Why Christians Are on the Right Side of History
Stop me if you've heard this before: "If you [conservative Christians] do not surrender your antiquated beliefs [gay marriage violates God's definition of 'marriage,' etc.], you are going to find yourselves on the wrong side of history."
That statement is one of the left's most oft utilized shaming tools, one they store inside their dialectical tool belts. It serves to silence opposition by asserting that in the future, history will lump conservatives who refuse to bow before the progressive agenda with the likes of Bull Connor and relegate their memory to the trash heap of human undesirables. It also asserts that there is a right side of history—that history is being propelled forward to a moral end game. Setting aside the fallacy of begging the question that exists within their propositional statement, it's an assertion that contradicts the worldview of the very people who like to bludgeon conservative Christians with it.
For the left, objective and absolute morality is the purview of intolerant fundamentalists. In other words, your truth is not allowed to interfere with my truth. If that's allowed, then your truth is privileged and I become a socially discriminated against identity group. For liberals, truth is a function of power. Within the worldview of the left, the concepts of "right" and "wrong" have no meaning; that would require the existence of a transcendent, absolute moral authority. History only recognizes "winners" and "losers." Will to power, right?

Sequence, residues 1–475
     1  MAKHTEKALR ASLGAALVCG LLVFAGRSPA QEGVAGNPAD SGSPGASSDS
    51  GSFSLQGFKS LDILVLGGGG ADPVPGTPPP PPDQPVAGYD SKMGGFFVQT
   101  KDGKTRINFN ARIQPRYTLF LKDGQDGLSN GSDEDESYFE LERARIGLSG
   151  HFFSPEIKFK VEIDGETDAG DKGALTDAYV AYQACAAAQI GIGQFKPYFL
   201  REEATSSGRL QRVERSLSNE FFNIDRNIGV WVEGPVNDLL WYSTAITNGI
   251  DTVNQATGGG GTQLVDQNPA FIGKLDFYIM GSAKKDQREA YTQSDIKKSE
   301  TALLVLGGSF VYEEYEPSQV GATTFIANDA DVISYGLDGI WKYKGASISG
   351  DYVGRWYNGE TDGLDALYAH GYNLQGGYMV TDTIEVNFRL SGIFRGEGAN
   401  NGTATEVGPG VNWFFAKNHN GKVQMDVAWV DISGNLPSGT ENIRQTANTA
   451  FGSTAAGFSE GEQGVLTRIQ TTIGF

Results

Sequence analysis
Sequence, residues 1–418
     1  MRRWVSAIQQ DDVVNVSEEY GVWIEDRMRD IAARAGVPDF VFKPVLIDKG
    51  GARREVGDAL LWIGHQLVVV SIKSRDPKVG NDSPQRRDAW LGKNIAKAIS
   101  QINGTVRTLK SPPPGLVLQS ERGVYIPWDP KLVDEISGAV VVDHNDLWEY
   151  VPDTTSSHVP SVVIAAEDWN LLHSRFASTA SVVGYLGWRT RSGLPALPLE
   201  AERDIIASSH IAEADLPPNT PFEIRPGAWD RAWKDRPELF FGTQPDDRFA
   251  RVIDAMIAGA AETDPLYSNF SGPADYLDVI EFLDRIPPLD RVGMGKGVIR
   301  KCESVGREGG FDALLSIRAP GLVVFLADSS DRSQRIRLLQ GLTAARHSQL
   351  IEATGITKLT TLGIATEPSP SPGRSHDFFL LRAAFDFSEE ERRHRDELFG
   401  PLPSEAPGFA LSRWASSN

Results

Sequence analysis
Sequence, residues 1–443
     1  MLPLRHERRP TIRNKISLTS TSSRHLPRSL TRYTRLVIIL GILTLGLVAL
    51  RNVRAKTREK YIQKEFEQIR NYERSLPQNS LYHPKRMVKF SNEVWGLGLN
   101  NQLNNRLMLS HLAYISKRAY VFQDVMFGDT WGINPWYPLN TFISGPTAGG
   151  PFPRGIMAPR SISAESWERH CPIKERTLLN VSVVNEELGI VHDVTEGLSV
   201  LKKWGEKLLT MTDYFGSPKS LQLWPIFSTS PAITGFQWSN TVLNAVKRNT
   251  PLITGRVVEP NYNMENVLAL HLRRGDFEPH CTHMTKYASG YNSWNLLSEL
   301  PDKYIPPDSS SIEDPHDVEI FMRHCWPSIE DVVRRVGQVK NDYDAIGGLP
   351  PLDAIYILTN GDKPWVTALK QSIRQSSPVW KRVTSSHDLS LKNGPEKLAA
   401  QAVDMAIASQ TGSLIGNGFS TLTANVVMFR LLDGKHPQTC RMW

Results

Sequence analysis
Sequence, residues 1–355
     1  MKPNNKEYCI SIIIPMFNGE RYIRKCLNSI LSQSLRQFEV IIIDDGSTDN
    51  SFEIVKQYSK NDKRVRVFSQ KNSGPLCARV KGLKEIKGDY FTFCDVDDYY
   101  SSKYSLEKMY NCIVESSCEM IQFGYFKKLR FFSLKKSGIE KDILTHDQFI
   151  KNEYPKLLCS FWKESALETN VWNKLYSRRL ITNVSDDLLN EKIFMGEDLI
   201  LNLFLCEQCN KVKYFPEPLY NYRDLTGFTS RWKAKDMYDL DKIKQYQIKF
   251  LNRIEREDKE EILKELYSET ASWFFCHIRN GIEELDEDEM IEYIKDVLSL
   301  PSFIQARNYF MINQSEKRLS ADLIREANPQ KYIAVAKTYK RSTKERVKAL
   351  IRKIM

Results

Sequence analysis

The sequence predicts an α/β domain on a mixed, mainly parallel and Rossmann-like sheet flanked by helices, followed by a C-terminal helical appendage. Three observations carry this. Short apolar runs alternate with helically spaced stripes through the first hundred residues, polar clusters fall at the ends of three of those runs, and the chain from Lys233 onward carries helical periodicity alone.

Marx taught this. Saul Alinsky taught this. Pretty much every literature department on every college campus in America teaches this. For a leftist to claim that conservative Christians are going to find themselves on the wrong side of history is nonsensical. For conservative Christians, however, there is most definitely a right side of history and, importantly, a wrong side of history.